There was little evidence of neighbourly niceness during South Africa’s whitewashing of Zimbabwe in the three-ODI series but that does not mean all love was lost between the two sides. The next time South Africa think seriously about this Zimbabwean outfit will be on Valentine’s Day 2015 – the eve of their opening World Cup game.
It is no accident that South Africa will begin mission ‘Win the World Cup,’ for the seventh time, against the same team they beat 3-0 when they began their build-up. South Africa have planned to play the teams they will face in the tournament, with West Indies up soon, and to play in the host countries, with visits to New Zealand and Australia in the next three months. That’s how they roll. Clinically. And so when they hark back to this Zimbabwe series, they will remember it gave them both that winning feeling and the knowledge that their cupboard is full.
“We covered our bases pretty well,” Faf du Plessis, South Africa’s stand-in captain for the third ODI, said. “The bowlers were solid throughout the series and there were no blow-ups with the batters. It’s nice from a confidence point of view that we’ve dominated Zimbabwe.”
For du Plessis, the series was confirmation that he is a one-day player because there was a time when that was in doubt. Du Plessis had been dropped from the squad ahead of last year’s series against India, following a run of middling scores and a moderate average, but was brought back for the Sri Lanka series in July, although he did not play.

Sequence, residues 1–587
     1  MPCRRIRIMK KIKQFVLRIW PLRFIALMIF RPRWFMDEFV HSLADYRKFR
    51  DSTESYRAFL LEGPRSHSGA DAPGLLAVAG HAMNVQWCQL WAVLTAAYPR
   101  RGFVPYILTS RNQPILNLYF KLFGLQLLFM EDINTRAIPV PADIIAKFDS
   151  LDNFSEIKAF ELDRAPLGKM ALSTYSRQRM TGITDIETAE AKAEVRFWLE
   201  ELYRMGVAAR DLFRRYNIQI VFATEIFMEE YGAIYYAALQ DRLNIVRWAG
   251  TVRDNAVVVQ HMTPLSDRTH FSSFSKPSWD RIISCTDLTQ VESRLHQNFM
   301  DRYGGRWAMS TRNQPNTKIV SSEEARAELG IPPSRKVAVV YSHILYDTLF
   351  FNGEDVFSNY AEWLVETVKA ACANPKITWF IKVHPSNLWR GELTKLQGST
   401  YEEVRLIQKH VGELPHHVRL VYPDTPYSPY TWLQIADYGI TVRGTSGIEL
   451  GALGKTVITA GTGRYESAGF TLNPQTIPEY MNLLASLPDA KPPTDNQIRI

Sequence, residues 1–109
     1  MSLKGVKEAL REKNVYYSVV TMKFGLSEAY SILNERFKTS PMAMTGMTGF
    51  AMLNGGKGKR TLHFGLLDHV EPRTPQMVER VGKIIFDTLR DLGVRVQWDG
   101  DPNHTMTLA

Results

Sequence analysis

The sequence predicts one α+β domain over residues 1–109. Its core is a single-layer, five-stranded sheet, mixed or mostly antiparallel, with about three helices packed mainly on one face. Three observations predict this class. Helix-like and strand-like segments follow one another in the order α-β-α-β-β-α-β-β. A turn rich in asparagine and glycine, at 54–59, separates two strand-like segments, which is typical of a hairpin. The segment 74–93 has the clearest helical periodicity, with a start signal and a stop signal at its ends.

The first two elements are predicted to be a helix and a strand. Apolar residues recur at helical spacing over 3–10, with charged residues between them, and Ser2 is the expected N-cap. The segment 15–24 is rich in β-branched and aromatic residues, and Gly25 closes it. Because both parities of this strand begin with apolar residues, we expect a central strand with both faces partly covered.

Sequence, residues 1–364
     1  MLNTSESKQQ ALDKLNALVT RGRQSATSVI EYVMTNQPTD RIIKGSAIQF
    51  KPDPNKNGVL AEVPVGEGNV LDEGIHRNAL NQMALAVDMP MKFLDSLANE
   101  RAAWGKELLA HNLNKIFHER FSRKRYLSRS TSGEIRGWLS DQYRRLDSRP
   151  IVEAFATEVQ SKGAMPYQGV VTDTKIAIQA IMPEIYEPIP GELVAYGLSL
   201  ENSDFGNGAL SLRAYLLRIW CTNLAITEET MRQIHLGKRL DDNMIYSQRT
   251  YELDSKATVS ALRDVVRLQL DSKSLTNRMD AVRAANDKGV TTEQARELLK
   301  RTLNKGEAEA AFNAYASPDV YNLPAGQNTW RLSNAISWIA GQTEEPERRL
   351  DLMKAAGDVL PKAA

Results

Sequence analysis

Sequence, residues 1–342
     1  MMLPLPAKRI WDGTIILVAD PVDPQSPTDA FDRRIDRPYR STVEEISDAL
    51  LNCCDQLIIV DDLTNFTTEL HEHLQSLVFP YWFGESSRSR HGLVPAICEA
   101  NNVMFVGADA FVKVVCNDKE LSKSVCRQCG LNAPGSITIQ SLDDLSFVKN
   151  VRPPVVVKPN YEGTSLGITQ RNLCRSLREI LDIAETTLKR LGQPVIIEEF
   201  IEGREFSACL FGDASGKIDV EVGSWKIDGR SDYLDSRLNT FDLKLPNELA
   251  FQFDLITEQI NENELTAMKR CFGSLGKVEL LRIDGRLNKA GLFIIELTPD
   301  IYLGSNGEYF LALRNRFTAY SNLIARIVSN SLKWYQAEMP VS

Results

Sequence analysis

He got a second chance when he was asked to step into Jacques Kallis’ shoes for this rubber and it proved the perfect place for him. Du Plessis acted as the stonewaller when the innings needed steadying and brought out his more expressive side in the third game, when there was a small total to get and the series was already won. “When you’re chasing you want to put the pressure back on the opposition,” du Plessis said, when discussing his approach in the final fixture.
“I assessed the wicket and I felt it was a much better one to bat on, so I felt I could play a little more freely. It was nice to play like that. We both put the pressure on the bowlers and the runs kept flowing.”
The second person in the ‘we’ that du Plessis mentioned was South Africa’s find of the series, if someone who has already been discovered twice before can still be described as such. Quinton de Kock’s three centuries in three matches against India was his breakthrough, his century in the ODI series in Sri Lanka was a show of his progress in subcontinent conditions, and his twin fifties in this series was evidence of his maturity.